Is Advertising Dead? No, Only Bad Advertising

don-draper-shrug“Traditional media, linear TV, [and] newspapers in their old form are more effective from an engagement point of view.”

What’s new in advertising today? According to the panel of industry experts at the recent Cannes Lions ad festival, everything…and nothing at all.

“All advertising isn’t dead. Just bad advertising,” notes Steven Perlberg, writing about the festival in The Wall Street Journal.

“We are here celebrating 0.5% of the work that actually gets made. The other 99.5% of the work is generally crap. And when that happens, consumers don’t want to see it,” said Brad Jakeman, President of PepsiCo’s Global Beverage Group.

As Perlberg notes, this year’s festival comes at a critical time for the advertising industry.

“More consumers are using tools that block web ads. Marketers are worried about the transparency of how their dollars are spent by ad agencies. And new media pioneers are producing content on behalf of brands, encroaching on the turf of traditional agencies,” he writes.

So how can brands earn consumers’ attention in this new landscape? For Jakeman, it’s not by churning out mountains of work that reduces quality and creates fodder for the “digital landfill.”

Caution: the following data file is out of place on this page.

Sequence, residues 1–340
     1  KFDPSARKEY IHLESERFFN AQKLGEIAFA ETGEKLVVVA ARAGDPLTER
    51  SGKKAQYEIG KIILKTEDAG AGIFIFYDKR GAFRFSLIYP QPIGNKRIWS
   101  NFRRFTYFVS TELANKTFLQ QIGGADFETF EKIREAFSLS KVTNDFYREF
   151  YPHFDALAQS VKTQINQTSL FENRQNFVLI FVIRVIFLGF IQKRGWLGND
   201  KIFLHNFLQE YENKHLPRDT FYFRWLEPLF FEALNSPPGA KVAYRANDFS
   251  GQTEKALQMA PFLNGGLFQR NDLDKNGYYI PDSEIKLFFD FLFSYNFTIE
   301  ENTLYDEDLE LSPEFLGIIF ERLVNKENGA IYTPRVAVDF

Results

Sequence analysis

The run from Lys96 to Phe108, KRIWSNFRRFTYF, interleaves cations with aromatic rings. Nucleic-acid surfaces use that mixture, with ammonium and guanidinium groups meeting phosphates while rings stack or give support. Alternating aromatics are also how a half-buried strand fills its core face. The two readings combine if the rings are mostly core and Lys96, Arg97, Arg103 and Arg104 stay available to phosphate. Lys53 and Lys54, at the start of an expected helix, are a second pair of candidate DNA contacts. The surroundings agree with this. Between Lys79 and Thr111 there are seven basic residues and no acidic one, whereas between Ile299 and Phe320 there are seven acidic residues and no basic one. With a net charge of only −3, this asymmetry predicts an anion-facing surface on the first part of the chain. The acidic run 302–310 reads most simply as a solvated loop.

It’s about, as always, relevance. And in an increasingly choosy world, that relevance must be immediate, apparent and worthwhile. WWP’s CEO Sir Martin Sorrell, a hugely influential man in the ad game and outspoken fan of print, insists that real engagement isn’t going to be found in a three-second video view on Facebook.

“Traditional media, linear TV, [and] newspapers in their old form are more effective from an engagement point of view,” Sorrell told the audience, even though 75% of the ads his company produces “is stuff that Don Draper wouldn’t recognize.”

Sorrell has publicly talked about this before, noting that the tide is turning back to print, a medium that he says “deserves more credit.”

What’s really interesting to note are the comments this article received. Clearly, the consumers are telling brands that they are by and large exhausted and fed up with the mountain of intrusive digital advertising. If the ad blocking tsunami isn’t proof enough, what will it take?